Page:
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    Chertoff Says U.S. Needs More Freedom to Do Electronic Surveillance,
    Detain Terror Suspects
    - AP

    WASHINGTON - The nation's chief of homeland security said Sunday
    that the U.S. should consider reviewing its laws to allow for more
    electronic surveillance and detention of possible terror suspects,
    citing last week's foiled plot.

    Michael Chertoff, secretary of the Department of Homeland Security,
    stopped short of calling for immediate changes, noting there might
    be constitutional barriers to the type of wide police powers the
    British had in apprehending suspects in the plot to blow up
    airliners headed to the U.S.

    But Chertoff made clear his belief that wider authority could thwart
    future attacks at a time when Congress is reviewing the proper scope
    of the Bush administration's executive powers for its warrantless
    eavesdropping program and military tribunals for detainees held at
    Guantanamo Bay, Cuba.

    "What helped the British in this case is the ability to be nimble,
    to be fast, to be flexible, to operate based on fast-moving
    information," he said. "We have to make sure our legal system
    allows us to do that. It's not like the 20th century, where you had
    time to get warrants."

    The Bush administration has pushed for greater executive authority
    in the war on terror, leading it to create a warrantless
    eavesdropping program, hold suspects who are deemed as "enemy
    combatants" for long periods and establish a military tribunal
    system for detainees that affords defendants fewer rights than
    traditional courts-martial.

    Congress is now reviewing some of the programs after lawmakers
    questioned the legality of the eavesdropping program and the Supreme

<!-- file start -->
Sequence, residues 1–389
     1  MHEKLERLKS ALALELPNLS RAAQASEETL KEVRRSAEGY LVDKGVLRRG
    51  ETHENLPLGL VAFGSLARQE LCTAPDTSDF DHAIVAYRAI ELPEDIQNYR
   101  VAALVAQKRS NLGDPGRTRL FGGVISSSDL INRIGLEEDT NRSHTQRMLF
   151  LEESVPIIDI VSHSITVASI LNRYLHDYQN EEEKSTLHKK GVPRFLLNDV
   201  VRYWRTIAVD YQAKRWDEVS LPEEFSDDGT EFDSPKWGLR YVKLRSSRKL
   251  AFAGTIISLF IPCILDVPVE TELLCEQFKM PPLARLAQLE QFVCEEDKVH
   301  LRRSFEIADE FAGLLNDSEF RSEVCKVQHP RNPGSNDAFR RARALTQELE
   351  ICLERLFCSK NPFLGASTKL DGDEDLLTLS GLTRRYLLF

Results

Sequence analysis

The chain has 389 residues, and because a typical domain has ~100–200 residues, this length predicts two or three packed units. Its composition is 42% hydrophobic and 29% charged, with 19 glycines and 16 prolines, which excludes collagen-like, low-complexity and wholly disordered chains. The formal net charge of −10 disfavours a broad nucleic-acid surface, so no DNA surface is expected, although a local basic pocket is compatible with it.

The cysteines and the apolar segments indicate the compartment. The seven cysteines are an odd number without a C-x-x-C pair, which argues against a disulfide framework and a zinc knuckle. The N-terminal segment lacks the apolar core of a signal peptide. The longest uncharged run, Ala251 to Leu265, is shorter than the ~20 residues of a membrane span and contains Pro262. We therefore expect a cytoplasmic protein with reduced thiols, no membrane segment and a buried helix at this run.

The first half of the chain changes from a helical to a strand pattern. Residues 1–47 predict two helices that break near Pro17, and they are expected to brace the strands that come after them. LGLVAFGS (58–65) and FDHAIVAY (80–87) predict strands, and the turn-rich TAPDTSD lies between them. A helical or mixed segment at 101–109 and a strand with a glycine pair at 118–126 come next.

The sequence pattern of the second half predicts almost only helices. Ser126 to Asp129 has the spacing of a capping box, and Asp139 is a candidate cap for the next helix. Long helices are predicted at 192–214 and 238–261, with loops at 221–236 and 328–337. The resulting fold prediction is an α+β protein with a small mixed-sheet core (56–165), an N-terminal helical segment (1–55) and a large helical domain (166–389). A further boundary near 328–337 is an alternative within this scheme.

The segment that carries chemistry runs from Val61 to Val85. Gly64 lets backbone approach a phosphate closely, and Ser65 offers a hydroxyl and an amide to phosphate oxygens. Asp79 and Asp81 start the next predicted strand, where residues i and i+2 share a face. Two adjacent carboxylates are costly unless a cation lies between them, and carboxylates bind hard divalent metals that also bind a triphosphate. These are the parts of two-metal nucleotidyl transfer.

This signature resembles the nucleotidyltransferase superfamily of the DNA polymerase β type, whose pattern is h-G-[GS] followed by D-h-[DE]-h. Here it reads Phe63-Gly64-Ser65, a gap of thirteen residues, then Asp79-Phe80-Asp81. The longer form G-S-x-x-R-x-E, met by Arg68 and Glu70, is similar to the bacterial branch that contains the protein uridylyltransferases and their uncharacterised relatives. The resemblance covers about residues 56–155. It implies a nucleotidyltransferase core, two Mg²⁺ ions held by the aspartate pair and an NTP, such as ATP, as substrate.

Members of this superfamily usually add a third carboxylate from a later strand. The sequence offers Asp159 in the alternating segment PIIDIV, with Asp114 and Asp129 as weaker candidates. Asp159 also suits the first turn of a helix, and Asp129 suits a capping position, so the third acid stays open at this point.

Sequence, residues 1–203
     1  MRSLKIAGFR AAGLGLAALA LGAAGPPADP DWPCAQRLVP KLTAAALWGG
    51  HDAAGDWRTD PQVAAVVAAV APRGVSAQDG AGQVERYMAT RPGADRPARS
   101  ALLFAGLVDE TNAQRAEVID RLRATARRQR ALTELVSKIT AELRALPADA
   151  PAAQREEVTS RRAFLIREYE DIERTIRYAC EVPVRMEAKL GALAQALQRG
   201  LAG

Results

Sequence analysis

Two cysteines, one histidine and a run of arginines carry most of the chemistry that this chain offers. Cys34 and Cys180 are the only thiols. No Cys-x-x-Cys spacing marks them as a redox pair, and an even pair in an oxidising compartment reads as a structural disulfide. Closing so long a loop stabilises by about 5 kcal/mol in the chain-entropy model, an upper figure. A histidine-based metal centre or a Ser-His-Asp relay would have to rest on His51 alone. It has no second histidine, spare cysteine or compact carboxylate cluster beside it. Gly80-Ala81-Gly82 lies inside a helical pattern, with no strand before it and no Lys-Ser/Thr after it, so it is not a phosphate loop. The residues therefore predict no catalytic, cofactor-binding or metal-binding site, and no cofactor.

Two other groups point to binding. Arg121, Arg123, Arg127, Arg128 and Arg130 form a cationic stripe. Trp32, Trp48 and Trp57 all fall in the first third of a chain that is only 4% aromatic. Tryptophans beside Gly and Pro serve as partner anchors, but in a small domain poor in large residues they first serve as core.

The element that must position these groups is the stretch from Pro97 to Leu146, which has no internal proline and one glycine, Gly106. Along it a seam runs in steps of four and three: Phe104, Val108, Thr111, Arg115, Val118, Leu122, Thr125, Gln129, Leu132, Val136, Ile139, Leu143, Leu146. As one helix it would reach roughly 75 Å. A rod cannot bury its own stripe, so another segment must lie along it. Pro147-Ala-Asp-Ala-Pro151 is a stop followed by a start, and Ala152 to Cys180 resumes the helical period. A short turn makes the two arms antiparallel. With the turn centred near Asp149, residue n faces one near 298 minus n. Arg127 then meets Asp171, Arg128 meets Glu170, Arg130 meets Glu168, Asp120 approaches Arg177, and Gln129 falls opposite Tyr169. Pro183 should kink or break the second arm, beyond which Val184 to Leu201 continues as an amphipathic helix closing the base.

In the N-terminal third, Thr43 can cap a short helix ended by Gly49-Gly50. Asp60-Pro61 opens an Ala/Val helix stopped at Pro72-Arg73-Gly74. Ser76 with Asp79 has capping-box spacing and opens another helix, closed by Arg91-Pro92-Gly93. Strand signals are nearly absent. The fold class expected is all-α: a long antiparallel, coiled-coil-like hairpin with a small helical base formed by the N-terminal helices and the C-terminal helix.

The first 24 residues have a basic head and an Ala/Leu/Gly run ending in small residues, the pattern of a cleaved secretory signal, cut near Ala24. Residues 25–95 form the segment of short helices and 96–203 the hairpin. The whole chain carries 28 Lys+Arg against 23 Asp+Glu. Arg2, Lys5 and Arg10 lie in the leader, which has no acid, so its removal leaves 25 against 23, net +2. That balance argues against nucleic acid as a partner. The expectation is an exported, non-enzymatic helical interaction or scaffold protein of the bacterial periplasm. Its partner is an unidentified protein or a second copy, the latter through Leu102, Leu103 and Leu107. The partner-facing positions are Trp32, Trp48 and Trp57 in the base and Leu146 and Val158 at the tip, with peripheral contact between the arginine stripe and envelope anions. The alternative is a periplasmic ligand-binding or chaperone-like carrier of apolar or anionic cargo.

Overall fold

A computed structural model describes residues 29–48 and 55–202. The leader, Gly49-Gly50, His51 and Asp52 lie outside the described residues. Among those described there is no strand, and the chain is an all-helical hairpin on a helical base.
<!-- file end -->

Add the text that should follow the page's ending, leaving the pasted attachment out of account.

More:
Court ruled in June that the tribunals defied international law and
    had not been authorized by Congress.

    On Sunday, Chertoff said the U.S. is remaining vigilant for other
    attacks, citing concerns that terror groups may "think we are
    distracted" after last week's foiled plot. Attaining "maximum
    flexibility" in surveillance of transactions and communications will
    be critical in preventing future attacks, he said.

    "We've done a lot in our legal system the last few years, to move in
    the direction of that kind of efficiency," Chertoff said. "But we
    ought to constantly review our legal rules to make sure they're
    helping us, not hindering us."

    He said he expects the Bush administration to keep the U.S. on its
    highest threat alert for flights headed to the U.S. from the United
    Kingdom and at its second-highest level for all other flights.

    "We haven't fully analyzed the evidence, and therefore, we're still
    concerned there may be some plotters who are out there," Chertoff
    said. "We also have to be concerned about other groups that may
    seize the opportunity to carry out attacks because they think we are
    distracted with this plot."

    Still, Chertoff said he believed that the nation's airline screeners
    were well-positioned to catch future terrorists. He did not
    anticipate greater restrictions beyond the current ban on carrying
    liquids and gels onto airliners, such as barring all carry-on
    luggage.

    "We don't want to inconvenience unnecessarily," he said. "I think
    we can do the job with our screening, screening training and our
    technology without banning all carry-on luggage."

    Chertoff made the comments on "Fox News Sunday" and ABC's "This
    Week."
     

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